Are cells alive

There are 7 criteria for an organism to be considered alive:

(a) Homeostasis: Regulation of the internal environment to

maintain a constant state

(b) Organization: Being composed of one or more cells, which are the basic units of life.

(c) Metabolism: Consumption of energy by converting nonliving material into cellular components (anabolism) and

decomposing organic matter (catabolism). Living things

require energy to maintain internal organization (homeostasis) and to produce the other phenomena

associated with life.

(d) Growth: Maintenance of a higher rate of synthesis than

catalysis. A growing organism increases in size in all of its

parts, rather than simply accumulating matter. The particular

species begins to multiply and expand as the evolution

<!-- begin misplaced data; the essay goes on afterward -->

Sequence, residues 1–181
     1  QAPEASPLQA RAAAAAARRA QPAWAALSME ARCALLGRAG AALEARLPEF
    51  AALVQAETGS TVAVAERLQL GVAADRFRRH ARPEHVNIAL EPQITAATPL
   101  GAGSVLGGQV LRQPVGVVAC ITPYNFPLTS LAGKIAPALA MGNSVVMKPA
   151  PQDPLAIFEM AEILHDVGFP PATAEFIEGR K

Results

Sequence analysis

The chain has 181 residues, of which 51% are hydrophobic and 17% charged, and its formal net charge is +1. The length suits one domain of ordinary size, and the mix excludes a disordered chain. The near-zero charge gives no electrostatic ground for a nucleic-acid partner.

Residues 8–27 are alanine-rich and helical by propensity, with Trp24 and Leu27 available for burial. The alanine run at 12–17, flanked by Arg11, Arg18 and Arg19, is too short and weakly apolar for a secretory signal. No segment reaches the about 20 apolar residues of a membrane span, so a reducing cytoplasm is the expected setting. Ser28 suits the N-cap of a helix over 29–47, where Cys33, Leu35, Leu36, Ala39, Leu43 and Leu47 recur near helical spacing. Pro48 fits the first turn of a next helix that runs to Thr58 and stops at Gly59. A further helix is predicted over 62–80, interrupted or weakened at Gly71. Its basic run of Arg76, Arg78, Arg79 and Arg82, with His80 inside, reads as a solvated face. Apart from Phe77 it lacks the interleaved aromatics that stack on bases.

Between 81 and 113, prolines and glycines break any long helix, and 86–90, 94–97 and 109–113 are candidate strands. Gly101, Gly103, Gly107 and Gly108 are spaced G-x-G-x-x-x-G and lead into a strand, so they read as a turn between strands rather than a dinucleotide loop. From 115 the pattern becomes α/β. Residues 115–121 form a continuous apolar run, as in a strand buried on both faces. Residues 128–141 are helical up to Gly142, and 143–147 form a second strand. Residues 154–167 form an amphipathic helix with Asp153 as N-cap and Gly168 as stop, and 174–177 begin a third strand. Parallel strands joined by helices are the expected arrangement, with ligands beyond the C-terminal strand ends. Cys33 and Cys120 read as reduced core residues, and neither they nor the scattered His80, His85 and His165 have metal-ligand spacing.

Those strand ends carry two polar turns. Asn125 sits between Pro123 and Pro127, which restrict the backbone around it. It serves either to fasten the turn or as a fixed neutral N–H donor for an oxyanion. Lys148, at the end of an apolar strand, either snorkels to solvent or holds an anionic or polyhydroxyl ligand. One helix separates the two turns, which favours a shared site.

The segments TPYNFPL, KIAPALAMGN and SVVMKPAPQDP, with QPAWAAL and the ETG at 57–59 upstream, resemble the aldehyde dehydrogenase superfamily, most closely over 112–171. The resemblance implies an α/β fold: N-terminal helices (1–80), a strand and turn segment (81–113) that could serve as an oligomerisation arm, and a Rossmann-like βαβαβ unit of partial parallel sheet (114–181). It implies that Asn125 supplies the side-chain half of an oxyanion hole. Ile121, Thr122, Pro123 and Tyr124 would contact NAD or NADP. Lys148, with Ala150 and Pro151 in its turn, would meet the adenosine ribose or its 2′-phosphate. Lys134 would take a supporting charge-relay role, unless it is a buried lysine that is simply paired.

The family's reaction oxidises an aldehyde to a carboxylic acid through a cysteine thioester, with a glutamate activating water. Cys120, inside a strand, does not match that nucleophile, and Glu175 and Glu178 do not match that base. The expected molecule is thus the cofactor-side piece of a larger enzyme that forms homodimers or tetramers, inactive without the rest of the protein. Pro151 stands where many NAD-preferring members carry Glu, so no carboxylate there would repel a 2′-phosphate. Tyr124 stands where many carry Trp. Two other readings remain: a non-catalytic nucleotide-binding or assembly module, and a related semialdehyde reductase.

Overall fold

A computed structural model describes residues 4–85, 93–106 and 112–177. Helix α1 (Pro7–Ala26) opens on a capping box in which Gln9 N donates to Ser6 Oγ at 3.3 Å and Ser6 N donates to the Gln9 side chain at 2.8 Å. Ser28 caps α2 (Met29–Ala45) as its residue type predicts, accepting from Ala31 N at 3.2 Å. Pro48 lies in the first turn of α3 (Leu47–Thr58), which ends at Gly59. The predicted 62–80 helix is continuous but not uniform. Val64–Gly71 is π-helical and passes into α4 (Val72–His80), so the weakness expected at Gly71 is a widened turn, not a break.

continues to flourish.

(e) Adaptation: The ability to change over a period of time in

response to the environment. This ability is fundamental to

the process of evolution and is determined by the

organism's heredity as well as the composition of

metabolized substances, and external factors present.

(f) Response to stimuli: A response can take many forms, from the contraction of a unicellular organism when touched to complex reactions involving all the senses of higher

animals. A response is often expressed by motion, for

example, the leaves of a plant turning toward the sun or an

animal chasing its prey.

(g) Reproduction: The ability to produce new organisms.

Reproduction can be the division of one cell to form two new

cells. Usually the term is applied to the production of a new

individual (either asexually, from a single parent organism,

or sexually, from at least two differing parent organisms),

although strictly speaking it also describes the production of

new cells in the process of growth.

Because of these factors, cells are alive.